All eight clinical isolates of Mtb in this study were phenotypically resistant to RIF and INH and can be characterized as MDR-TB. DNA was used in genotyping by the 12-loci MIRU-VNTR method. VNTR typing of the eight MDR-TB isolates recovered from patients with tuberculosis in Kazakhstan using 12 polymorphic loci identified two clusters. Mtb H37Rv reference strain was used as a positive control, and sterile ultrapure water was used as a negative control for MIRU-VNTR genotyping. All MDR-TB strains belonged to the W-Beijing family with the genetic MIRU-VNTR digital profiles 223325153533 (n = 6) and 223325173533 (n = 2). Six strains had a profile (223325153533) corresponding to a major Asian/Russian subtype, Beijing/M2 clusters 94–32, which is prevalent in Kazakhstan. Two of eight strains belonging to Beijing/M11 clusters 100–32 (223325173533) are prevalent in China and Russia.

According to spoligotyping results, all eight clinical isolates of Mtb belonged to the W-Beijing family (East Asian lineage) and have the same spoligo-octal code (000000000003771, SIT#1).

Genotyping technique grouped the eight MDR-TB isolates and nine Mtb reference strains into two major clades: Beijing Lineage 2 and Beijing Lineage 4 (Figure 1, Supplementary File S6).

Enrichment Analysis

Gene Ontology (GO) analysis is a useful method for annotating genes and gene sets with biological characteristics for high-throughput genome data. We identified 302 nonsynonymous SNPs and InDels common among all nine MDR-TB isolates that were used in further downstream GO analysis. We analyzed differences in the enrichment of GO categories using the PANTHER Classification System (Mi et al., 2018). The results of the PANTHER analysis are presented in Supplementary File S7. Functional annotations of proteins encoded by genes showed significantly (p < 0.05) increased or decreased enrichment (Supplementary File S8) with classification according to their associated biological processes and molecular functions. GO function annotation for 288 different genes was performed and sorted based on p-values, and enriched pathways were determined (Supplementary File S8). The selected genes were categorized according to GO classification based on their hypothetical molecular functions and biological processes. GO enrichment analyses demonstrate that organic substance metabolic process and cellular process are primarily enriched in biological processes, while molecular function pathway analysis indicates that ion binding and catalytic activity are mainly enriched (Supplementary File S7).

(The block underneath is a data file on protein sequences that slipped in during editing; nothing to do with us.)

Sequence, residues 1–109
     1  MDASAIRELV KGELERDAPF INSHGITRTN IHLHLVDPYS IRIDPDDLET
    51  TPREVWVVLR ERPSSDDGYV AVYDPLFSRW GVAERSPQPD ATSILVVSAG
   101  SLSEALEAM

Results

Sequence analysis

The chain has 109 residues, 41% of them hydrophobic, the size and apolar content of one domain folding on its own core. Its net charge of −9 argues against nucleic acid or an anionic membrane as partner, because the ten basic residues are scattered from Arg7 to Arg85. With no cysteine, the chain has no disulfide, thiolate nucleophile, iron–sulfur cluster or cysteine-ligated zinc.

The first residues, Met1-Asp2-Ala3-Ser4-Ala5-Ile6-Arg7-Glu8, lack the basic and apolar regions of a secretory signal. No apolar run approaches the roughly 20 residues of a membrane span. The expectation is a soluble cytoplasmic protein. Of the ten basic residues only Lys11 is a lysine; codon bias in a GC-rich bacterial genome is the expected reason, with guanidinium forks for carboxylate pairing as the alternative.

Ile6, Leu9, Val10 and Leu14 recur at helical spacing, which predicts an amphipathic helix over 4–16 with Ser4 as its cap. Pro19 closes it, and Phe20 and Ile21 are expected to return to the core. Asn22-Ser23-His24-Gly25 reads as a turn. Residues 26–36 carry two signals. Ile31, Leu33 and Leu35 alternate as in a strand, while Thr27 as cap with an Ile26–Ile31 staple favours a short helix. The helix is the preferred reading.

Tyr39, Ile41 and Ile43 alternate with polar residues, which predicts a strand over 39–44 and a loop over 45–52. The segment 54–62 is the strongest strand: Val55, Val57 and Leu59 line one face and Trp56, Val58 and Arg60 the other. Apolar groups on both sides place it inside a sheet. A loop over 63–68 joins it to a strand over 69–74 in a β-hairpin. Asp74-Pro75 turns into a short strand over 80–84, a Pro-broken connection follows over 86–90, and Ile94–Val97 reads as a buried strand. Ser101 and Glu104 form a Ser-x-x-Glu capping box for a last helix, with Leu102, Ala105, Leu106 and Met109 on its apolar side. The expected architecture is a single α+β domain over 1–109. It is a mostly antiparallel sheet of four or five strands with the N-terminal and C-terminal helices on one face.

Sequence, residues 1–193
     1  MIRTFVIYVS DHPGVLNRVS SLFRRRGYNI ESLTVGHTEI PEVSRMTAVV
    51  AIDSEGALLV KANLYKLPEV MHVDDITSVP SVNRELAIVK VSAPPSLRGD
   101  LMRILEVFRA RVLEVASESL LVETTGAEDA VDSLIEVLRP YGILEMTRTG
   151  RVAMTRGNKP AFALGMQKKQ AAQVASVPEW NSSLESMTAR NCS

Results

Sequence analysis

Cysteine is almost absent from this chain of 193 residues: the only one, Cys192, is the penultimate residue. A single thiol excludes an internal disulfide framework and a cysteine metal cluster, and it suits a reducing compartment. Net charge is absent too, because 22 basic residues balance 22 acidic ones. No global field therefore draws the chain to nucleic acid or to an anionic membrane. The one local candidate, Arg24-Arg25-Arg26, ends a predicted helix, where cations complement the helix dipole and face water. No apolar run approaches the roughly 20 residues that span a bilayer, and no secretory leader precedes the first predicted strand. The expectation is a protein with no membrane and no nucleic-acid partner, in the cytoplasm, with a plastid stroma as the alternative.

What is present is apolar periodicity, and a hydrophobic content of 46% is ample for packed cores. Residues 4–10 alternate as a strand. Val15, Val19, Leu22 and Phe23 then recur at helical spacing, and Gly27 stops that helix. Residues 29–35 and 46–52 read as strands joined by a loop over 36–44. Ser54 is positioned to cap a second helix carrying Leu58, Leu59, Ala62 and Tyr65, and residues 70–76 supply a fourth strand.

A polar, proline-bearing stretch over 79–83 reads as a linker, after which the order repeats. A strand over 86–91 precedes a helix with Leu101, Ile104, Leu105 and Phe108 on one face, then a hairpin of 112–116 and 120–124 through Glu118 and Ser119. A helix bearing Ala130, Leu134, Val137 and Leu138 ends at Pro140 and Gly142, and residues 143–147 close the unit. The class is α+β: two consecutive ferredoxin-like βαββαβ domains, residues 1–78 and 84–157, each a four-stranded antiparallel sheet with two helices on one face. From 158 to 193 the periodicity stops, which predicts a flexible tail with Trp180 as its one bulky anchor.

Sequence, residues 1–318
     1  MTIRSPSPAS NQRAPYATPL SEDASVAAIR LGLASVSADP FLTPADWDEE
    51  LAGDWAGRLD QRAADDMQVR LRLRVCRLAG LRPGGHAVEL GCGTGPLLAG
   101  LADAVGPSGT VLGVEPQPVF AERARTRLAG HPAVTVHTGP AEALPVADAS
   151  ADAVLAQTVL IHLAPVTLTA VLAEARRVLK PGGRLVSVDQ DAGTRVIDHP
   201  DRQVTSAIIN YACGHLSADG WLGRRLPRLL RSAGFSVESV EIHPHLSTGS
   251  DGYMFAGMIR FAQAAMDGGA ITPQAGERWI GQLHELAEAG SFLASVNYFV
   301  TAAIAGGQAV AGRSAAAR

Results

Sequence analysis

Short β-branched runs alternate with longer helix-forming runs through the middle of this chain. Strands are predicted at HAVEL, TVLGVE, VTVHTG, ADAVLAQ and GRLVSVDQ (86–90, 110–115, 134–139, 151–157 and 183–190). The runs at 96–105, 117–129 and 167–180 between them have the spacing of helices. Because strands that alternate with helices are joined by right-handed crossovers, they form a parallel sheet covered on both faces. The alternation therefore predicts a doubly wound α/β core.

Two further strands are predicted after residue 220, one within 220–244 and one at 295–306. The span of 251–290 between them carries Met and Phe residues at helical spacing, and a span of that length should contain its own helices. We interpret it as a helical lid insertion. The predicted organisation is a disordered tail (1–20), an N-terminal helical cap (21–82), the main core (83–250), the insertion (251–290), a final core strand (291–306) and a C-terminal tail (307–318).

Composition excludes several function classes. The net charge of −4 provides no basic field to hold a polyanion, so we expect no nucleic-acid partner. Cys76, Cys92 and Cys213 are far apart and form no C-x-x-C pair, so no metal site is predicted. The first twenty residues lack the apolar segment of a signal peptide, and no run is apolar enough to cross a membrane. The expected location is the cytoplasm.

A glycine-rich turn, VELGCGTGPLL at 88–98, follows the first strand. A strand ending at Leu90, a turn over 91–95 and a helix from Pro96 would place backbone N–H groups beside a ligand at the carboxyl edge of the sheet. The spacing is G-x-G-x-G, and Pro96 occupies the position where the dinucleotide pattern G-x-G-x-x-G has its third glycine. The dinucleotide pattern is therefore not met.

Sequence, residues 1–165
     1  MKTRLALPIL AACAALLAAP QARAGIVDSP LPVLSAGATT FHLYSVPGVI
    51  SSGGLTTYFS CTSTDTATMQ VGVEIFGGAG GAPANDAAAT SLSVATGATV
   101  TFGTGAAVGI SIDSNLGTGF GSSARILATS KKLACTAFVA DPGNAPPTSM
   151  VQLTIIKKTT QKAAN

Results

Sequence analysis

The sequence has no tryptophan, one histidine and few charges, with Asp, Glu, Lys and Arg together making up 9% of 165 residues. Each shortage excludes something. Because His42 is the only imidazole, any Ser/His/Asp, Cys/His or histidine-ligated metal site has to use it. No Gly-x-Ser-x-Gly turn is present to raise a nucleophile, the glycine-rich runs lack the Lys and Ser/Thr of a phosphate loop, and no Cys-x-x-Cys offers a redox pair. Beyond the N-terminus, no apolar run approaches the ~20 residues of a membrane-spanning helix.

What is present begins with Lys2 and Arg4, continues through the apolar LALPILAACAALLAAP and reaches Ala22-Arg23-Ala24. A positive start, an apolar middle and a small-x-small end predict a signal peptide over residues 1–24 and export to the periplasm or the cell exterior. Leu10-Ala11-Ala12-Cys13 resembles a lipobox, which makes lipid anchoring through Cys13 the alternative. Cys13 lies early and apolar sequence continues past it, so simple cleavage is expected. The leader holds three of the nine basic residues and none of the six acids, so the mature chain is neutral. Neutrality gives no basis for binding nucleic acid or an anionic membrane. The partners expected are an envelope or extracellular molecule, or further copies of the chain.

In this study, we report whole-genome sequencing characterization of MDR-TB clinical isolates circulating in Kazakhstan. We sequenced and analyzed eight Mtb isolates and provide genetic insights into genes associated with drug resistance in comparison with phenotypic tests.

Several studies on biological diversity and identification of mutations in specific genomic regions encoding drug resistance were performed in Kazakhstan (Kozhamkulov et al., 2011; Ibrayeva et al., 2014; Akhmetova et al., 2015; Skiba et al., 2015). Only a few publications related to whole-genome sequencing of clinical isolates performed by next-generation sequencing platforms have briefly reported draft genome sequences of Mtb strains circulating in Kazakhstan (Ilin et al., 2015; Kairov et al., 2015; Daniyarov et al., 2020).